Even for some of those who work in the wind power sector, climbing a wind turbine is a rare and exciting privilege. On Saturday I was lucky enough to do just that for the first time in Denmark, alongside the winners of European Wind Energy Association’s ‘Breath of Fresh Air – Adopt a Turbine’ competition.
17 year old Lien Van Hout from Belgium got the most votes for the wind turbine she adopted, and she took her brother along to Copenhagen to enjoy her prize – visits to an onshore and an offshore wind farm. EWEA’s Campaigns Officer Elke Zander, who organised the competition, accompanied them and I went along for the onshore wind farm visit.
The seven wind turbines in the Lynetten wind farm are situated on a narrow strip of land that runs between a harbour and the open sea. Fairly small by modern standards, at just 600 kW capacity each, four of the seven are owned and run by members of a cooperative. Members of the cooperative buy a share in the wind farm and get money back from the sale of the power produced.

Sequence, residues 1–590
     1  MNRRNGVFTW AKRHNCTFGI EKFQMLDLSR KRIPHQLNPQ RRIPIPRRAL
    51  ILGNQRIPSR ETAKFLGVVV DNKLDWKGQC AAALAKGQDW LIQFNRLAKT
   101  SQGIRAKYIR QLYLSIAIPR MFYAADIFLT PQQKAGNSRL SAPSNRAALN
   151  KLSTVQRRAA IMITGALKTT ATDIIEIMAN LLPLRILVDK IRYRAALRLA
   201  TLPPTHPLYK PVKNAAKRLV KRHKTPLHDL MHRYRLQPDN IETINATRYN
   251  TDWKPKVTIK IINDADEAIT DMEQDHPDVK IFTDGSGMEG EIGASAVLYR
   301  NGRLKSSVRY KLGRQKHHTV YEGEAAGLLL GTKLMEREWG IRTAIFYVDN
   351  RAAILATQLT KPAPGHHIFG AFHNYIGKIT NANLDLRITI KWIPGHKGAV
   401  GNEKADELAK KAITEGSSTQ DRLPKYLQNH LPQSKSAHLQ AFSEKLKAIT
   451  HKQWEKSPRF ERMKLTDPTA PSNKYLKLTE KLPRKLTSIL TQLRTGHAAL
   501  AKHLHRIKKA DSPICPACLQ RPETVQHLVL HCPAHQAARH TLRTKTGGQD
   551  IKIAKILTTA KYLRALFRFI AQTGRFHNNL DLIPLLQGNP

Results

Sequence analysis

Jens Anker Hansen, in charge of the maintenance for the cooperative, was our guide. Inside the bottom of the tower, he asked Lien to stop the turbine. This was done, quite simply, by pressing a “stop” button – we heard the purring of the blades gradually slow above us. We then began the long climb up 50 metres of metal ladders, one by one, to the opened nacelle.
There was just about room for all of us up at the top. The cloudless blue sky allowed us to see not only the other six wind turbines of our wind farm, which were still smoothly turning in the strong, wintery wind, but also the curve of the Middelgrunden offshore wind farm 2 km from shore and, tiny specks on the horizon, Sweden’s Lillgrund turbines.
Later the same day, Lien, her brother and Zander went on a boat to see the Middelgrunden offshore wind farm, located just outside Copenhagen harbour. Established in 1996, 10 turbines are owned by DONG Energy and 10 by the Middelgrunden Wind Turbine Cooperative, a group of wind energy enthusiasts. The sailors endured a fairly rough sea, but were rewarded with amazing close up views of the Middelgrunden wind farm during sunset.
“This is a once in a lifetime experience!” said Lien Van Hout. “I’m so grateful to EWEA and the Breath of Fresh Air campaign for letting me find out more about wind energy, and show my support for it, in such a fun and informative way.”
The visits were organised with the help of the Danish Wind Energy Industry Association.
More on the campaign: www.ewea.org/freshair
By Sarah Azau, blog.ewea.org/